Police say rival rallies in the eastern German city of Chemnitz on Saturday led to several casualties, including three security personnel. Some 11,000 people took part in far-right rallies and counterdemonstrations.
German police said on Sunday that 18 people were injured during opposing rallies the previous day in the eastern city of Chemnitz, as anti-immigration demonstrators scuffled with counterprotesters.
They said those injured included three security personnel who were hurt while holding back demonstrators at Saturday's protests.
The city has been the scene of sometimes violent protests that erupted since a German man was stabbed to death last Sunday, allegedly by a Syrian and an Iraqi.
According to police estimates, some 8,000 attended the far-right rally on Saturday, which was called by the anti-immigration party Alternative for Germany (AfD) and the "anti-Islamization" movement PEGIDA.
A counterdemonstration, including parliamentarians from the Green party and the Social Democratic Party (SPD), drew some 3,000 people, they said.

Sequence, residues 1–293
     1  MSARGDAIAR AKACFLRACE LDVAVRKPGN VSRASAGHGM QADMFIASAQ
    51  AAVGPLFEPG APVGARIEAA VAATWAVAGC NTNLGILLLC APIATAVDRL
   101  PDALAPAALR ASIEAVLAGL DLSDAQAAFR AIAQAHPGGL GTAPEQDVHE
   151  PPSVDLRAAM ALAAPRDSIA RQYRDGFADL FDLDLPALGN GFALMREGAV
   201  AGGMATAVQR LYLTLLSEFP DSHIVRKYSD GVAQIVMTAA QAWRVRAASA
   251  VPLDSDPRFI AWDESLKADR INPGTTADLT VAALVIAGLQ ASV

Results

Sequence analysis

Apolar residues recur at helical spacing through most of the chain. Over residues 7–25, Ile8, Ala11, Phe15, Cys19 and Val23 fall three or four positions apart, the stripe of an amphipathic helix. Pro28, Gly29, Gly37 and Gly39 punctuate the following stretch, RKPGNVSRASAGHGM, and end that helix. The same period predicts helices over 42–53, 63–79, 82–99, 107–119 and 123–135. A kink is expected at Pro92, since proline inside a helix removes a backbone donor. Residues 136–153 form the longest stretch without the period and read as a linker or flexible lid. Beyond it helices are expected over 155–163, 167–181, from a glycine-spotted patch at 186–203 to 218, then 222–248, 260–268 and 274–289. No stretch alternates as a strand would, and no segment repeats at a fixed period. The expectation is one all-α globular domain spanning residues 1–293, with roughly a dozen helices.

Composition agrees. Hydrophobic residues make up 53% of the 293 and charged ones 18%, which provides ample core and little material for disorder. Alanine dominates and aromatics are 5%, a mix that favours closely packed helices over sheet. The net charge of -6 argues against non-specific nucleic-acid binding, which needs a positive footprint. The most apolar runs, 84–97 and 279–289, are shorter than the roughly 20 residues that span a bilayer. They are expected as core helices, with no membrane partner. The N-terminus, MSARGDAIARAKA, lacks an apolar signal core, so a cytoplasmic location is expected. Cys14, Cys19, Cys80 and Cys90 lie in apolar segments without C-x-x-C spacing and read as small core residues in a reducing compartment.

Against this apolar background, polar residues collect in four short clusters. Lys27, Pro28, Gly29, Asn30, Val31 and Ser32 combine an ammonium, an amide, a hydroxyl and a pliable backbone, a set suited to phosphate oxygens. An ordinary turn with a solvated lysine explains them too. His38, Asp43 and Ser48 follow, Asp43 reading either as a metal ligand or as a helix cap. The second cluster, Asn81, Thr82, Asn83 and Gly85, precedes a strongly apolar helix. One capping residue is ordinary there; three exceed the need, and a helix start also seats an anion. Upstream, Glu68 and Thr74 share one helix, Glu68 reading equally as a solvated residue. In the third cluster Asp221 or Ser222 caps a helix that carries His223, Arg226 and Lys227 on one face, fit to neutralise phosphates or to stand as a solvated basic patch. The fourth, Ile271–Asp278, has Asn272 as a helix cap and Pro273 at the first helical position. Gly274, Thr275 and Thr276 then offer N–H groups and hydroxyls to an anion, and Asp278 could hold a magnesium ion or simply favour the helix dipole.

Alleged attack on politician
Police deployed some 2,000 officers, both from Chemnitz and across Germany. At least 37 criminal offenses are being investigated, including bodily harm, damage to property and infringements of public assembly laws.
Among other things, police said they were looking into an alleged attack on a group of demonstrators led by SPD politician Sören Bartol.
Bartol said on Twitter that the group from Marburg had been "ambushed by Nazis" while heading for their bus after the rallies had cleared.
Smaller protests planned
Two smaller demonstrations were planned for Sunday: one by Chemnitz residents to signal their opposition to "violence and xenophobia," and another organized by the Protestant Evangelical Church in Germany (EKD).
An anti-racism concert is also to be held on Monday featuring German punk band Die Toten Hosen, among other artists.
Anti-immigration sentiment is particularly widespread in the eastern state of Saxony, where Chemnitz is situated, despite the relatively small number of immigrants who live there.
The AfD, which has vehemently opposed migrant arrivals and Chancellor Angela Merkel's liberal stance on accepting refugees, has strong support in the state, with surveys suggesting it could become the second biggest party there in next year's regional elections.
tj/rc (AFP, dpa)